- Art Gallery -



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Very view Ancient Greek paintings survived and what we know is mainly from Roman copies sometimes probably of not the same quality as the originals. How much these paintings are close to the originals is unknown. Many paintings have been produced by artists who were paid to decorate the walls in houses and who sometimes used drawings of original masterpieces. We have important informations about Greek paintings and artists from Pliny the Elder, a Roman who was born in 24 or 25 AD and who died 24-August 79 AD from toxic gases as his body was found, one of the victims of the Vesuv explosion that destroyed Pompeii and killed all its citizens. Pliny the Elder: the Natural History (Latin Version) It took most of Pliny's time to collect the material reading other books in order to write “The Natural History”. The only time he took from his work was for his bath, and by bath I mean his actual immersion, for while he was being rubbed down and dried he had a book read to him or dictated notes. Pliny the Younger, Letters 3.5.14-16. Probably this also explains why Pliny was not married (http://www.livius.org/pi-pm/pliny/pliny_e3.html#history )

Minoan Bull Leaping Fresco

Images from a Sarcophagus ("Flesh-Eater") in Agia Triada

The Minoan Agia Triada Sarcophagus Fresco

Santorini: Wall Paintings and the 600 Megaton explosion that destroyed a Paradise

Minoan Painting

Mycenaean Painting

Archaic horse raider, with two horses (The horses reminds Japanese Manga ) from a Melian Amphora, Athens

The Francois Vase a major monument in Greek Pottery history, smashed by a Museum guard in 1900 in 638 pieces. The restored volute krater with many illustrations of various mythological stories (reminds me the illustrated man of Bradbury)

The Sacrifice

..but the emotional climax was the figure of Agamemnon himself, whose face was covered by a veil as he performed the sacrifice: as his emotions were not explicitly revealed, the viewer was left to imagine them in all their unbearable intensity. The picture thus succeeded in representing what it did not represent; in acknowledging the limits of art, it transcended them. Antiquity and the Middle Ages, Chapter 1

The Sacrifice of Iphigenia

Polygnotus was a famous Greek painter. He produced various works, for example one in Delphi that decorated the so-called Cnidian Lesche of Delphi. He also produced drawings who decorated the famous "Painted" Stoa of Athens, the house of a famous philosophical school. A few centuries later Pausanias, the most famous tourist, of antiquity visited Delphi. Like today there were persons who explained to the visitors, including Pausanias, the complex drawings with mythological scenes from the Iliad and Odyssey. The descriptions of Pausanias are lengthy so that in principle we know the persons and their position of the two paintings that decorated the Lesche. It is of course impossible to describe a painting with words.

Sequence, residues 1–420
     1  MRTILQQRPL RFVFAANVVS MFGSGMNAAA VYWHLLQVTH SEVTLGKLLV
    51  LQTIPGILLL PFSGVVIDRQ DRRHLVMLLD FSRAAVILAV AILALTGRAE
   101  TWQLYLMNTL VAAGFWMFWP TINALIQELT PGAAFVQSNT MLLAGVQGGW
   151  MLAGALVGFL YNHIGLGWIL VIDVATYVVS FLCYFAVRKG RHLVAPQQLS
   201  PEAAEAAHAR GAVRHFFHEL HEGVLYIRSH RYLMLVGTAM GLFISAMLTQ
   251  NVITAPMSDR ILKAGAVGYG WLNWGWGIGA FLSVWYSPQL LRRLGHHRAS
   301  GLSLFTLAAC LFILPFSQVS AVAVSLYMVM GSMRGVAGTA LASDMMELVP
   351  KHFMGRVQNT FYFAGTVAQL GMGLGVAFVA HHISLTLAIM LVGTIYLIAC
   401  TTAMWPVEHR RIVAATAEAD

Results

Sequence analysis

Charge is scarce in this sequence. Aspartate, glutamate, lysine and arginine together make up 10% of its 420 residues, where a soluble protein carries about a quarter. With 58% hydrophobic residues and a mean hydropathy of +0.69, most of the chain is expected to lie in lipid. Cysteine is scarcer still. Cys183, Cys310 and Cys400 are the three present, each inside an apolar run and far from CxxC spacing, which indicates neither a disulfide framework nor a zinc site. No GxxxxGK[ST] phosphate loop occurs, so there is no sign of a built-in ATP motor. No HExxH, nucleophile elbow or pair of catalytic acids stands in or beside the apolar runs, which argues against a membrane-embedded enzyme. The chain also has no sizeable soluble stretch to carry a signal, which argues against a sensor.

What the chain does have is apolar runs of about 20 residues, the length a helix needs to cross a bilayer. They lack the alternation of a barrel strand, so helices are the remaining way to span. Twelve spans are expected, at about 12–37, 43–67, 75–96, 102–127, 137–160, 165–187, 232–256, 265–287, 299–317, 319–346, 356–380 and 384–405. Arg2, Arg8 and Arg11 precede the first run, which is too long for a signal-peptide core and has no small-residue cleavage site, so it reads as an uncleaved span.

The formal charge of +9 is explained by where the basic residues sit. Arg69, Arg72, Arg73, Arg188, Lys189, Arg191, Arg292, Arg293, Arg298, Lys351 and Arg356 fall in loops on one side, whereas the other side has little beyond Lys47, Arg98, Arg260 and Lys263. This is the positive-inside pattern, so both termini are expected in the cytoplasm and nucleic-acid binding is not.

A reconstruction in the period 1892/1893 by C. Robert of the two paintings of Polygnotus from the Lesche of the Cnidians based on a description of Pausanias. Later reconstructions using archaeological information divide each painting into three separate paintings. One of those who tried to produce a reconstruction was Wolfgang Goethe. Aristoteles calls Polygnotus Ethographos describing that he tried to show the characters of the persons. One of many interesting stories is a person "Oknos" who produces a rope (the famous rope of Oknos) while a female donkey behind eats the rope. As Pausanias explains it was a known Greek who worked hard but his wife spent all the money he earned. The donkey thus symbolizes his wife who destroys his work.

A Lost Painting by Polygnotos at Delphi

Painting: 5th century BC , Painting: 4th century BC

The Mysterious Fayum Portraits

Diving into the underworld into a mens party, a symposium, spending the time with discussions, flirting, music and the kottabos game.

The Tomb Diver and the Symposium


Painting from Sikyon

The palace of Kadmos in Thebes

Pluto in Quadriga

In the classical period Greek painters and sculptors were considered like workers. They were classified as banausoi, i.e. those who need to work for living. The situation was different for poets who were considered as artists. It is not surprising that there was a Muse for poetry or for astronomy but no Muse for painters or sculptors. It was Raphael who did not agree that painters and sculptors are not creative like poets. In the School of Athens he included himself as Apelles together with the gratests philosophers, astronomers and others scientists. But the situation was actually better for painters and sculptors in the Hellenistic period. The Kings payed a lot to obtain works of famous artists. While Polygnotus was proud to produce some paintings like that for the Stoa in Athens without obtaining money (he did it to honour the Polis) in the Hellenistic times many great artists obtained incredible sums for their work. Alexander took in his expedition historians and painters who were a kind of "embedded" propaganda journalists.